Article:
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Newsday’s Les Payne hailed as journalistic force, 'superhero'

Pulitzer Prize winner eulogized for key role in turning Newsday into a major journalistic force as it dug into Long Island and spread its reach around the globe.

Longtime Newsday journalist Les Payne, a Pulitzer Prize winner whose nearly four-decade career took him from the poppy fields of Turkey to the Soweto uprising in South Africa to the streets of American cities, died Monday at his home in Harlem. He was 76. (Credit: Newsday)

Several hundred people packed Abyssinian Baptist Church in Harlem on Tuesday for the funeral of Pulitzer Prize-winning Newsday journalist Les Payne, hailing him not only as a legendary African-American reporter and columnist but also as a devoted family man whose son called him “my first superhero.”

Payne, who died last week at 76, apparently of a heart attack, was saluted for his groundbreaking work in South Africa during the Soweto uprising of the 1970s and ’80s, his mentoring of a generation of younger journalists, and his devotion to racial equality.

Payne “had the intellect of [W.E.B.] Du Bois, the fearlessness of Malcolm X, and the formidable presence of Sonny Liston,” former journalist Randy Daniels, who met Payne while covering the war of liberation in Zimbabwe in the 1970s, told mourners.

“He was the conscience of the African-American people,” Daniels said. “He believed in reporting the truth, without fear or favor.”

Jamal Payne, told the crowd of 500 at the historic church where his father worshipped that “Les Payne is the very first superhero I ever knew. He is a special man.”

“I do not want my father to become a caricature of himself — an angry black columnist,” he said. “Yes, my dad is black, unapologetically black, and, yes, he wrote that column that made many uneasy. But he was not angry.”

“My dad is a five-tool journalist — writer, reporter, investigative reporter, editor, manager,” he said, as the crowd applauded. “I lost my favorite superhero last Monday, but I am comforted in knowing that he lives on in me” and in Payne’s two other adult children, Tamara and Haile.

As he finished, the crowd gave him a standing ovation.

The Rev. Calvin O. Butts III, pastor of Abyssinian, called Les Payne a “truth teller” and said the journalist deepened his faith in God as he faced death while in jail in Zimbabwe during one of his many overseas reporting trips in a career that spanned four decades at Newsday.

“He thought he was going to die,” Butts said. “He turned to God in that cell.”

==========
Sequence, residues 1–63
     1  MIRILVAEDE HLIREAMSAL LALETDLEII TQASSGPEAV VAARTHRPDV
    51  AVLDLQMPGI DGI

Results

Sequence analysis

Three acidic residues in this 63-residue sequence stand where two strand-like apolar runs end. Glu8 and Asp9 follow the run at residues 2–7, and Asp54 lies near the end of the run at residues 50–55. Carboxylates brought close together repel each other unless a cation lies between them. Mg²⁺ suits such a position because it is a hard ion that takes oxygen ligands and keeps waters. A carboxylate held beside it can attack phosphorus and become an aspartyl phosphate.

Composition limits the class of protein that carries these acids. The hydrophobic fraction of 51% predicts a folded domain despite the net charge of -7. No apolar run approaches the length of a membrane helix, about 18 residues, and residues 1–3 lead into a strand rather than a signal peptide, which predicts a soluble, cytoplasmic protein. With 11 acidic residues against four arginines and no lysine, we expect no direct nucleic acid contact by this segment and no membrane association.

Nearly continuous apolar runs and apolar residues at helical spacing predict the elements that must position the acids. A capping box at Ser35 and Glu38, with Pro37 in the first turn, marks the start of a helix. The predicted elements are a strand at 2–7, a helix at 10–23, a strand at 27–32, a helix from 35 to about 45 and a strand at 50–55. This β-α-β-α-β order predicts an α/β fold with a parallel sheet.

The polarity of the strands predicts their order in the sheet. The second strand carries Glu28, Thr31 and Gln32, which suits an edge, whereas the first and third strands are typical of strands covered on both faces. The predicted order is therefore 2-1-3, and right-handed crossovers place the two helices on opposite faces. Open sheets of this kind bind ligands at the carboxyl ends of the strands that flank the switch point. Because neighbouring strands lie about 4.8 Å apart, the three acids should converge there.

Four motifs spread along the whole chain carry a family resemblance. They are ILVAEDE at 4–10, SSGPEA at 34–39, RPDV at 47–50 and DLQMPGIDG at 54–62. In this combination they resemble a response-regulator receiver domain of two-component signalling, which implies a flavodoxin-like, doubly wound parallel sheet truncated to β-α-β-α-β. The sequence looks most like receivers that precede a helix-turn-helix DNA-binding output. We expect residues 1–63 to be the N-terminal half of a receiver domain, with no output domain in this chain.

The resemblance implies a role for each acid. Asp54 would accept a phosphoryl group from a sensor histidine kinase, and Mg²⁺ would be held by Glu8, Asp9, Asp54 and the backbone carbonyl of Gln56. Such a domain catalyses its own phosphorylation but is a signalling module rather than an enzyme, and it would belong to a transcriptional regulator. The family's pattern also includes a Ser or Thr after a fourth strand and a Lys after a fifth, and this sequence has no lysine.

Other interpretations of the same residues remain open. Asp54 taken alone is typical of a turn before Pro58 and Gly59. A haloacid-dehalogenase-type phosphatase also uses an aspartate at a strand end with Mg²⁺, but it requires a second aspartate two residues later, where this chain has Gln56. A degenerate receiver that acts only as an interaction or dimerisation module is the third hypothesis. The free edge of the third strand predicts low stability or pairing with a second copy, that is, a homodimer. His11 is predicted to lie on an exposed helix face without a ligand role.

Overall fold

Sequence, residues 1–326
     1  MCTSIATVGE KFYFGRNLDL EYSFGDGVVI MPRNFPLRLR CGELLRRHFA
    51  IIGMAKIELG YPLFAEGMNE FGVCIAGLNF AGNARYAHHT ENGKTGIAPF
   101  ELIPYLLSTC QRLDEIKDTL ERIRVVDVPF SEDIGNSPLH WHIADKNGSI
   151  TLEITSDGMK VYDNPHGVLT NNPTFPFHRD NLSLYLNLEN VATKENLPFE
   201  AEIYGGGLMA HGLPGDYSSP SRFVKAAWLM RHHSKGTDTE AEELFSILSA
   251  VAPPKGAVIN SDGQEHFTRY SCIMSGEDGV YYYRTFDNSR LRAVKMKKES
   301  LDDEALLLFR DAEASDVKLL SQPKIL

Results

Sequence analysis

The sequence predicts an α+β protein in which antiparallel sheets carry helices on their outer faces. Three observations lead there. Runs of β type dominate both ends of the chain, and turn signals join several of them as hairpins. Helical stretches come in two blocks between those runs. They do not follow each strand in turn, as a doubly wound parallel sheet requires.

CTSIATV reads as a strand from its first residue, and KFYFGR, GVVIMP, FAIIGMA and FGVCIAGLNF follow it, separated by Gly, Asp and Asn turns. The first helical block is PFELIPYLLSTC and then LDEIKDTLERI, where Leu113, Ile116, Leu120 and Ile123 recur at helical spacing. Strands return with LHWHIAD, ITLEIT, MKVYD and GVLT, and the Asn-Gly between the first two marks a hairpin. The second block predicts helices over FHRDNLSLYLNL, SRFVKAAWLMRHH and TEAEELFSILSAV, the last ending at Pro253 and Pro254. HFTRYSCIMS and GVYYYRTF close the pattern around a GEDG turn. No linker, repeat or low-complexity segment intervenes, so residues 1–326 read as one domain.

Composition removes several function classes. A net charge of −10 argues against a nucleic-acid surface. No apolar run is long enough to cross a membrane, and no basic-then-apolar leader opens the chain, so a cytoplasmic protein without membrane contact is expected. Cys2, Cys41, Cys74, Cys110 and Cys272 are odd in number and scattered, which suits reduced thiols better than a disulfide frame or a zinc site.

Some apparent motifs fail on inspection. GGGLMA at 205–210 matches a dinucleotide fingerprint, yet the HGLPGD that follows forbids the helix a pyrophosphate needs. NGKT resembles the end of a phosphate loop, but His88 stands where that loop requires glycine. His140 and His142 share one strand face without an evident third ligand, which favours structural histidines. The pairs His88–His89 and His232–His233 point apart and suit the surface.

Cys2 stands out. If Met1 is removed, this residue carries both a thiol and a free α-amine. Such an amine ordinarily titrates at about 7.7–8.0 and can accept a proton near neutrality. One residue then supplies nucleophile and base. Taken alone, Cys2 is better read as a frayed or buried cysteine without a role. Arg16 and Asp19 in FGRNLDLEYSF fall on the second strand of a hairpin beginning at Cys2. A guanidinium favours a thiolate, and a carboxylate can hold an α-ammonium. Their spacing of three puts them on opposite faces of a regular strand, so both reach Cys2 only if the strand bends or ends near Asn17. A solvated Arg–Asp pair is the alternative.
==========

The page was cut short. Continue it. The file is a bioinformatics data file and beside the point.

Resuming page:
Butts said Payne’s death came as a shock to his family, because it was so unexpected. But, addressing Payne’s widow, sitting in the front row, Butts said, “So Violet, don’t cry too long. You were married to a man for over 50 years who left you a legacy you can be proud of,” as the audience burst into applause.

Payne, he said, “was a good man. . . . Wherever heaven is, Les has got to be there.”

The funeral attracted numerous former journalism colleagues of Payne’s, who praised him as a leader in the industry and someone who helped turn Newsday into a major force, winning multiple Pulitzer Prizes under Payne’s guidance.

“He’s one of the most important editors, I think, of his generation,” Roy Gutman, a former foreign editor at Newsday and the McClatchy media chain, said in an interview before the start of the funeral.

At Newsday, Payne helped to turn “a provincial, big daily newspaper into a source of international news, and breaking news,” which Gutman called “an immense achievement.”

As an investigative reporter, Payne hunted down heroin kingpins in Europe as part of Newsday’s Pulitzer Prize-winning 33-part “Heroin Trail” series in 1974. Locally, he went undercover as a migrant farmworker on eastern Long Island.

James Klurfeld, a former editor of Newsday’s editorial page who worked with Payne on the migrant series, said Payne “was a model for being a reporter. Everybody looked up to him. He did some really gutsy things over the years.”

Klurfeld said Payne’s column, which often touched on racial issues, “was very controversial on Long Island. He wanted it to be controversial, and he really cared about it.”

Many Newsday readers “hated it,” said Klurfeld, now a journalism professor at Stony Brook University. “Long Island is one of the most segregated parts of the United States. He told people what it was like on Long Island, and a lot of them didn’t like to hear it.”

The night he died in an office in the home he and his wife owned in Harlem, Payne was working on a longtime project, a biography of Malcolm X, according to his family.

Before the funeral service, Payne’s longtime literary agent, Faith Childs, and his book editor, Robert Weil, of W. W. Norton and Co. Inc., said the book is completed and will be published after some “finishing touches.”

“This was his life’s mission,” Weil said, adding that Payne had worked on it for more than three decades.

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